Phase 2: adapt knowledge to the local context
Each site’s stakeholders engaged in a local consensus process whereby they identified the action statements that they would focus on for the duration of the study. Thus, the ‘problem’ identified at each site was the opportunity to improve adherence to specific guideline action statements.
Site leaders and therapists met to create evidence-based implementation interventions to improve therapist adherence to their selected action statements (Table 1). Barriers to adherence were discussed and potential implementation strategies proposed. Each site leader used therapist feedback to define an intervention plan for their site.
Phase 3: assess barriers/facilitators to knowledge use
A standardized survey was sent to each participating therapist to formally assess perceived barriers and facilitators to the implementation plan, and organizational readiness for change. The survey assessed participating therapists’ clinical demographics; the Organizational Readiness to Implement Change (ORIC)  (10-item, 5-point likert scale assessment with established psychometric performance for reliability and validity for assessing change commitment and change efficacy); and fourteen 5-point likert scale items adapted from the Consolidated Framework for Implementation Research (CFIR) Index Manual 3.0  related to four dimensions that impact implementation: Intervention Characteristics, Outer Setting, Inner Setting, and Characteristics of Individuals . Items with < 65% of respondents answering either agree or strongly agree for positive feelings about the intervention were identified as potential barriers. The study principal investigator met with each site leader to review site-specific results of the survey as they adapted their plan for implementation.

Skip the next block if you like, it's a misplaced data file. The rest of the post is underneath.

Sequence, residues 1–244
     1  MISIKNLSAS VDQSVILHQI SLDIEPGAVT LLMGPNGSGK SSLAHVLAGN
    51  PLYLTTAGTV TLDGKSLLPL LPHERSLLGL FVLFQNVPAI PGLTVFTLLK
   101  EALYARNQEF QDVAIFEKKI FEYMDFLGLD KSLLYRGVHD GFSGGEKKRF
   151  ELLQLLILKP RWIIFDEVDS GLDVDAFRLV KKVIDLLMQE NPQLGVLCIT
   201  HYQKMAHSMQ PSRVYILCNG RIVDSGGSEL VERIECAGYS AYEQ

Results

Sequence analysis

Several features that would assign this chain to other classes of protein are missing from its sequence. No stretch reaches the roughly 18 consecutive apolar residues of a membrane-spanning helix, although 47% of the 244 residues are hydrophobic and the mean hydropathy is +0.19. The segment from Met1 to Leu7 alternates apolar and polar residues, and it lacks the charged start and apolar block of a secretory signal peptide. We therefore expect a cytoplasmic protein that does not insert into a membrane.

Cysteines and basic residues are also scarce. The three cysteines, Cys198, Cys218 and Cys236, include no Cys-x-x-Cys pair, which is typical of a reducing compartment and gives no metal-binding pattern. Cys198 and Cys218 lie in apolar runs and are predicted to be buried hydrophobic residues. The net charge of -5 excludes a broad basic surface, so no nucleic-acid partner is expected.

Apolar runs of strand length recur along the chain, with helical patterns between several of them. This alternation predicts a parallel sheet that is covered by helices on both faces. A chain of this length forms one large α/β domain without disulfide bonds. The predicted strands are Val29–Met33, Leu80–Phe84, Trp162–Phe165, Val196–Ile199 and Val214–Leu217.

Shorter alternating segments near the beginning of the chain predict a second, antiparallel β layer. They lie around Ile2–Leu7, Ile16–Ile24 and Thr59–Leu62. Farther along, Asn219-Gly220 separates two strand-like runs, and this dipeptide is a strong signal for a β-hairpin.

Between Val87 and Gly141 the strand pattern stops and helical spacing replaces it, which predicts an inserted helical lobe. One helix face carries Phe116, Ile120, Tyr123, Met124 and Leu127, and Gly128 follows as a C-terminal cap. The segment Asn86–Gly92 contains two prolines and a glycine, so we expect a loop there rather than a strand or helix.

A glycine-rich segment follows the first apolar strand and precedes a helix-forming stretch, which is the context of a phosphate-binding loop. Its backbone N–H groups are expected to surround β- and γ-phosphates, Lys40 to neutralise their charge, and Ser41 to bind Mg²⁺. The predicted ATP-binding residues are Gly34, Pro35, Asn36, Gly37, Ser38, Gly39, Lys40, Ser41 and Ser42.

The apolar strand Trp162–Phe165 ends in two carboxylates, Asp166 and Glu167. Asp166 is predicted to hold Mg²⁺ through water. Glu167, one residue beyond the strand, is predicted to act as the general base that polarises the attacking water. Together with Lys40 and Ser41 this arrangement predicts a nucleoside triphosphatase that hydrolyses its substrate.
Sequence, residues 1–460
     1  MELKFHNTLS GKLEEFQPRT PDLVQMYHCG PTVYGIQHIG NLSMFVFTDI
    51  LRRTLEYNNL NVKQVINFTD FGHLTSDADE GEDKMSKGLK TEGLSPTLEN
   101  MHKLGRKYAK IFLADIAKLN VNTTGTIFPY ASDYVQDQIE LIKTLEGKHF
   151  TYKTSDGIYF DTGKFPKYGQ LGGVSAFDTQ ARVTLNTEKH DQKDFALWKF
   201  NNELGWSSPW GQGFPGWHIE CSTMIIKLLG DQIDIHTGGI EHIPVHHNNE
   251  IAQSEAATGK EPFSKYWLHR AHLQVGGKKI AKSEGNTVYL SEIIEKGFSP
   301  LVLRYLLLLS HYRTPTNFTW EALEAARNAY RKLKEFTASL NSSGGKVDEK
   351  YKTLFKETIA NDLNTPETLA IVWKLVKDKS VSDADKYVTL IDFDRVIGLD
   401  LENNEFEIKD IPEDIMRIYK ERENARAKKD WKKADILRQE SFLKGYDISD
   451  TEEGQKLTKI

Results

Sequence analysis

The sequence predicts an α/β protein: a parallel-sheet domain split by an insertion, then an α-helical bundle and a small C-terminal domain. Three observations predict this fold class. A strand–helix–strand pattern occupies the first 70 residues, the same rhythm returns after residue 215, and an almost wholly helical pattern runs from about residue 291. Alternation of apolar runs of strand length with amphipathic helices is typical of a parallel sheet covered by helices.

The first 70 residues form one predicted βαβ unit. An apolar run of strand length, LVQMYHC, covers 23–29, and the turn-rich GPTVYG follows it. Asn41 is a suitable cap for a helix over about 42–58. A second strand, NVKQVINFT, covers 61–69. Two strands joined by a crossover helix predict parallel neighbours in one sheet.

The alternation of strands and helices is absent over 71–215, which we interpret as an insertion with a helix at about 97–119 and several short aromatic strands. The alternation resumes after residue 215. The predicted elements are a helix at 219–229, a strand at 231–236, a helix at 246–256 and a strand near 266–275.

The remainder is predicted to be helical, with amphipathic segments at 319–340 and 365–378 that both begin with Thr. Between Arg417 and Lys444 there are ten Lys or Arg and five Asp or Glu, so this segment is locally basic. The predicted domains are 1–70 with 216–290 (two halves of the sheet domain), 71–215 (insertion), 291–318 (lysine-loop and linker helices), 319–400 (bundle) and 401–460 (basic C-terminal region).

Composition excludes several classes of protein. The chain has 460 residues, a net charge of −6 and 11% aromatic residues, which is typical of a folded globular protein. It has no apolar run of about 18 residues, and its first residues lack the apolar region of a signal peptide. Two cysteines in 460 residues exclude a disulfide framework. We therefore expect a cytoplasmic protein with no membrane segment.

Phase 4: select, tailor, and implement interventions
Site leaders led design of a six-month, staged, adaptive, active, and multi-modal implementation plan, customized to the needs, culture, and context of their site. Implementation interventions designed to impact therapist behavior change are summarized in Table 2 and described in detail in Supplementary File 2 using the WIDER checklist for reporting of knowledge translation interventions . Therapist-selected target behaviors to improve adherence to the guideline are summarized in Table 3 and described in detail in Supplementary File 3.
Phase 5: monitor knowledge use
All sites conducted monthly audits of therapist adherence to target behaviors. Monthly feedback meetings were held each month to provide therapists with detailed feedback about group adherence. Feedback reports were followed by discussion about facilitators and barriers to adherence, therapist education, and group problem-solving to optimize adherence in the coming month. Implementation interventions were revised and adapted to optimize adherence as needed. Sites A-D monitored adherence through chart review. Site E monitored adherence through tallies of how many patients were assessed for peripheral vestibular hypofunction within each participating location.